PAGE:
In 1940 the Sikh Missionary Socierty , a group of Sikhs formed an association to propagate the Sikh faith and called it the Sikh Missionary Society of Malaya. The man behind the move was Bhag Singh, a school teacher. The others in the group were Sadhu Singh Khaira, Sohan Singh Panj Garain, Ujagar Singh, Teja Singh Hitashi and Gulzar Singh. The registered office of the Society was at 175 Queen Street. The committee of the Society later managed to get Giani Phuman Singh, a very learned Sikh from India to join it. During the following years, this young group of workers did much to propagate the Sikh religion. Tracts in Tamil, Malay, Chinese and English were distributed free so that the other communities would come to know the Sikhs and their faith better. Giani Phuman Singh travelled all over Malaya and gave lectures in temples.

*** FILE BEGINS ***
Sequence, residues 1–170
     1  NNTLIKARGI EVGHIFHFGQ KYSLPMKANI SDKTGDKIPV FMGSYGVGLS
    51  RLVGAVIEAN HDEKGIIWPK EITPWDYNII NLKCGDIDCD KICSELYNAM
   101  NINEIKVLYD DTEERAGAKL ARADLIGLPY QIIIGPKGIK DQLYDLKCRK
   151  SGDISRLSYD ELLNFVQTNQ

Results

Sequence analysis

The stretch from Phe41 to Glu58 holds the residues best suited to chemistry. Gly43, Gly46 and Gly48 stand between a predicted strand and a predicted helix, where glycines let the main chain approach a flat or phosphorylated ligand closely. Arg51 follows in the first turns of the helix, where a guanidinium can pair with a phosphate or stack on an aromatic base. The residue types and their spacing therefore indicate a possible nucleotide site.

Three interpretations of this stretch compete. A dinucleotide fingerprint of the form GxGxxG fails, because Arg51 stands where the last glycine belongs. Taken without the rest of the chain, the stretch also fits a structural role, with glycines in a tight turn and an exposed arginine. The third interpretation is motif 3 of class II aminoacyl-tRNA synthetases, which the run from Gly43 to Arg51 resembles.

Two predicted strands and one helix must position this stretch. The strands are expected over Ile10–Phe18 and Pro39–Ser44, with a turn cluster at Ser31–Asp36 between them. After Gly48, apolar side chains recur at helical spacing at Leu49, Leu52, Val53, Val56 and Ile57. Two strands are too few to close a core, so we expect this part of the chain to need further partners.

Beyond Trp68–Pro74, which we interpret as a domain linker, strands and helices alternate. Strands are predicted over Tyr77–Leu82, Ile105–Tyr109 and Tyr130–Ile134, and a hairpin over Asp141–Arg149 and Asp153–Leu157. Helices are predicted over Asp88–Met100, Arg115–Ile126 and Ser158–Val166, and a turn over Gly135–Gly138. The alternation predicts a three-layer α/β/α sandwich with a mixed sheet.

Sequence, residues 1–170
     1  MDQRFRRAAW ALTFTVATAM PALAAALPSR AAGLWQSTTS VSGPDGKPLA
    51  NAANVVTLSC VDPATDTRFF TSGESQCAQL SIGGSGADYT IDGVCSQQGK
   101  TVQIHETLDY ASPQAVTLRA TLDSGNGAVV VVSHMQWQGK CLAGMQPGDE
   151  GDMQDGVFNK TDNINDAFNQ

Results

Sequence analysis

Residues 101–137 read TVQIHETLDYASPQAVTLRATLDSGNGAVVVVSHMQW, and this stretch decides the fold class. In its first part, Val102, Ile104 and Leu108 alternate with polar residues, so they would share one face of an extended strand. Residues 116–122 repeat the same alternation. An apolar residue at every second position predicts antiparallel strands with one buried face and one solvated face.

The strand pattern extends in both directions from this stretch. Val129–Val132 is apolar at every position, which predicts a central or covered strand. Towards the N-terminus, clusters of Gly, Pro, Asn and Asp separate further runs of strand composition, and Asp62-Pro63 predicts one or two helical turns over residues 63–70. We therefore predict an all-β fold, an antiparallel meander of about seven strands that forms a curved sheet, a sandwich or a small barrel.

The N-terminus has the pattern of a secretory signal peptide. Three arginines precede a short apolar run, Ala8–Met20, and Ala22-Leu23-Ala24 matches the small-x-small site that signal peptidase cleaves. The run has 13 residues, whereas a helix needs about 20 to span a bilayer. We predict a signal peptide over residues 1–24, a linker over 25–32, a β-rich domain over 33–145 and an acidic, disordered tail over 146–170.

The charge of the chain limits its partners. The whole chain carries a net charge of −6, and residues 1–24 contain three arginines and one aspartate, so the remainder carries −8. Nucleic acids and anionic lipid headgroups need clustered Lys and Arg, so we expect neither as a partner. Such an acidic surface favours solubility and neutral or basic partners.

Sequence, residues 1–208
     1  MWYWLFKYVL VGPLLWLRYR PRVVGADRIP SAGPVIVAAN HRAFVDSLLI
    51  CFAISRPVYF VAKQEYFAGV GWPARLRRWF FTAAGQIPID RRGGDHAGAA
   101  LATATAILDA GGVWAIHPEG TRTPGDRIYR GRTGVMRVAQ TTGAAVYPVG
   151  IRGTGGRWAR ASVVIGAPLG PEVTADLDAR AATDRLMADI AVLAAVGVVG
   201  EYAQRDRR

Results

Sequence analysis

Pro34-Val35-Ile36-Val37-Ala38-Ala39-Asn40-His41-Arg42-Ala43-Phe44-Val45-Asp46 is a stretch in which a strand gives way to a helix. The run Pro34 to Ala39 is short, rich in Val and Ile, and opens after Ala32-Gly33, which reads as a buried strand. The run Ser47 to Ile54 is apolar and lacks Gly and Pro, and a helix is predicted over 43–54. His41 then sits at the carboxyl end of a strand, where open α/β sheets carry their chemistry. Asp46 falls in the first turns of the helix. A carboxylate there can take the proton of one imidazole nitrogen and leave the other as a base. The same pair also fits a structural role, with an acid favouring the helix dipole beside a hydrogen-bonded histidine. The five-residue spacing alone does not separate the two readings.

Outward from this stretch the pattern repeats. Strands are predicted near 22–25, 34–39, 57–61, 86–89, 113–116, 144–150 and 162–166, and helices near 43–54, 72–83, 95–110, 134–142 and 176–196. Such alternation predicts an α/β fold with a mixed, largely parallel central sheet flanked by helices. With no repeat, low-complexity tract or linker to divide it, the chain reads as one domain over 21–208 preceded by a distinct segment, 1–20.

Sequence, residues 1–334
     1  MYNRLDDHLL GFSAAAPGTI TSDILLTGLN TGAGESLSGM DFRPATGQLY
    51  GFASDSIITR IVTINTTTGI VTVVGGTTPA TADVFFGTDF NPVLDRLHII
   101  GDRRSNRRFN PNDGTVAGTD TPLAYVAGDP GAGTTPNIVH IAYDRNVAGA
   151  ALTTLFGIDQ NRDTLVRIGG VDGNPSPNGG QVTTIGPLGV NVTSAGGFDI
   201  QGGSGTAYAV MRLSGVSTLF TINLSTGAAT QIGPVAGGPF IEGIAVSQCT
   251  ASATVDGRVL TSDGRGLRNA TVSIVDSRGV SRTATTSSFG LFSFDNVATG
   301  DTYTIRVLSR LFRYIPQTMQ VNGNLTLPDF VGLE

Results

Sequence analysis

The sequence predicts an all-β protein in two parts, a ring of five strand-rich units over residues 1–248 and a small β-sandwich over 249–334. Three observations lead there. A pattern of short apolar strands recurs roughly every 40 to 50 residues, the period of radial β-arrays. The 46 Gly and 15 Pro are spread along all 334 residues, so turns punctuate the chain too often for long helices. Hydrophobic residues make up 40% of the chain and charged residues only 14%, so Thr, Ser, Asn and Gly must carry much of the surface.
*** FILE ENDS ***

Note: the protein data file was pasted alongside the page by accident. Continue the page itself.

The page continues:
The Sikh Missionary Society also launched a Scholarship Fund for needy Sikh students to pursue their university education. Monetary help was also given to children for their secondary school studies. The first recipients were Gorboux Singh, who became a school principal, Harbans Singh, who became a lawyer and Nachatar Singh.

The driving force behind the society was Bhag Singh. His untimely death in 1960 was a big loss to the Sikhs in Singapore and Malaya. The committees that tool over the running of the Society could not carry on as before and now the society is just a name in the books of the Registrar of Societies.

In the 1940s we had Bhai Assa Singh Bandal, Bhai Arjan Singh, Giani Gurcharan Singh, Giani Mohinder Singh Chakarwarti, Giani Kartar Singh Khandawalla and Bhai Hazara Singh. These learned priests lived the life they preached and were held in high esteem by the community. During their free time, they gave free Gurmukhi lessons to the children. A few of them could also do Kirtan with tabla and harmonium accompaniment.